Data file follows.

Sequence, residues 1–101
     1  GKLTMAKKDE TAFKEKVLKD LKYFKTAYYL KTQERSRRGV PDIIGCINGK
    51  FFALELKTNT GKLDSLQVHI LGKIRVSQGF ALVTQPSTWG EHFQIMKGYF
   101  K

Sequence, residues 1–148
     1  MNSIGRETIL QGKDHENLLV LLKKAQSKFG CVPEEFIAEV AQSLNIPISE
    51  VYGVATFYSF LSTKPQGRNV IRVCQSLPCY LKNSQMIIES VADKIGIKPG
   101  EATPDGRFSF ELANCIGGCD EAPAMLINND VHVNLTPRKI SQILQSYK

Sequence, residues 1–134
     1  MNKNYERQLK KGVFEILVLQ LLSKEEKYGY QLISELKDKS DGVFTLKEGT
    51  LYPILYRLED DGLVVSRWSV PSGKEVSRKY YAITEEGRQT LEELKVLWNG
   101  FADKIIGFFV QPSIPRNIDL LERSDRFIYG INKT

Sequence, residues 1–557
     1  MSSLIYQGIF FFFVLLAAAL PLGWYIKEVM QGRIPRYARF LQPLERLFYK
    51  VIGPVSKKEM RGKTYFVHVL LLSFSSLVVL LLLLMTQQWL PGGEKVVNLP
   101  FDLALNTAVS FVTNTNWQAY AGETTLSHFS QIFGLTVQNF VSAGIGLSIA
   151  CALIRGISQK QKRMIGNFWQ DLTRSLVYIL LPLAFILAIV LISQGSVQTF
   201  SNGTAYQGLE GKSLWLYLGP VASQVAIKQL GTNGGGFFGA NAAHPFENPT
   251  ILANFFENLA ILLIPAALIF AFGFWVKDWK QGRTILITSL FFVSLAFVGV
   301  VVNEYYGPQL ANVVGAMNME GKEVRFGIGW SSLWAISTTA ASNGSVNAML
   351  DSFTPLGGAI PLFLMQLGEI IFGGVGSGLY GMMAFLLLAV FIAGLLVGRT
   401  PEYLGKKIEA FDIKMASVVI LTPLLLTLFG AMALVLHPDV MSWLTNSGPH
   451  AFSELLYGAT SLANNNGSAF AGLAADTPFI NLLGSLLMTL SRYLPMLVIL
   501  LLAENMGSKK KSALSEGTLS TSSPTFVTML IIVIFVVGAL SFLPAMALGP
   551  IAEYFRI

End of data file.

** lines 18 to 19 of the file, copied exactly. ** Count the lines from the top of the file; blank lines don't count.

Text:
   201  SNGTAYQGLE GKSLWLYLGP VASQVAIKQL GTNGGGFFGA NAAHPFENPT
   251  ILANFFENLA ILLIPAALIF AFGFWVKDWK QGRTILITSL FFVSLAFVGV